Formulate ambitions & call for proposal

To ensure successful circular procurement project it is important that the cooperating parties have matching ambitions. The starting point is a clear definition of your own ambition for the procurement project. This also includes an assessment of your specific needs: what are you really hoping to achieve? For example, do you need new office chairs or good office chairs (that need not necessarily be new)? Or, do you need lamps or do you need lighting? Thinking in terms of the deeper needs of an organisation reveals more opportunities for circular solutions.

Circular ambition and strategies

High performance with regard to the circular economy starts with defining a clear ambition for your procurement project. Build on the ambitions and policies of your organisation and refine them for the product group you are procuring. For instance, are you aiming to reduce the use of raw materials, or do you want to maximise the value of residual flows?

CircularIQ has developed a model to support this process. This model – illustrated in the figure below – represents five possible circular objectives for procurement projects (A to E). A choice for one or more objectives leads to various possible strategies (for example A1 to A5). Find an objective and a strategy that fits the product group you want to procure. On the basis of these objectives you can measure the impact of your procurement once the contract has been awarded.

Five possible circular objectives, including possible related strategies, as defined by CircularIQ. Source: CircularIQ (2018)

Five possible circular objectives, including possible related strategies, as defined by CircularIQ. Source: CircularIQ (2018)

Functional vs. technical specifications

A lot of calls for proposal are mainly based on technical specifications with the client dictating the required product specifications. If you want to make your specifications more functional, you must begin by thoroughly exploring the deeper needs of your organisation. The use of functional specifications opens up opportunities to reach innovative and often more circular solutions. These innovative solutions were not prescribed but they do better fit the client's needs.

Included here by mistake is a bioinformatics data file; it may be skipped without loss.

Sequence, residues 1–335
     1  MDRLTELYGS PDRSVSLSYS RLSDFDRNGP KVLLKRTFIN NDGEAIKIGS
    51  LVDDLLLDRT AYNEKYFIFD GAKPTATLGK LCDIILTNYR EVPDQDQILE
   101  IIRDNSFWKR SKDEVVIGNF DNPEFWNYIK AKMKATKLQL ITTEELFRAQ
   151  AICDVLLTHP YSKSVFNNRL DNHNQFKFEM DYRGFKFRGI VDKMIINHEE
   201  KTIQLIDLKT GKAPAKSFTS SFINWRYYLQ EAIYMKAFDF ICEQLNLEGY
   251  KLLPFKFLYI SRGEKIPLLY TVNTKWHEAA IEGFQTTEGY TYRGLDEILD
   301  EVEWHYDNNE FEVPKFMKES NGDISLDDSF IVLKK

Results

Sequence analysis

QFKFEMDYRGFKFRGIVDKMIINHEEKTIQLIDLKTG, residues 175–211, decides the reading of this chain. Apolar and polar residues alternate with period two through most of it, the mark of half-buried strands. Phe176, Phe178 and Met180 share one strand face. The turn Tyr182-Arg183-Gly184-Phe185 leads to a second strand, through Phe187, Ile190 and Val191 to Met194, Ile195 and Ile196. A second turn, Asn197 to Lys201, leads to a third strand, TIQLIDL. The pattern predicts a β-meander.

For example, in your search for a healthy office environment you can either opt for a technical specification (“an office of 2,500 m2 with measures X, Y and Z”) or use a functional specification (“a healthy working environment for 500 employees”). Functional specifications allow contractors to include the most recent developments and use their own creativity to fulfil the client's needs.


  • Formulate a circular ambition that fits both the product group and the policies of your organisation.
  • At the start of the procurement project determine the deeper needs of your organisation instead of the derived product request.
  • Functional specifications better fulfil the needs and at the same time allow you to take advantage of the market's knowledge and innovative potential.
  • Functional specifications are not sacrosanct! When dealing with an immature market or a simple product, technical specifications with due regard for circularity may provide the necessary guidance for market players.

Inspiring examples

Background information

Suggestions and/or additions?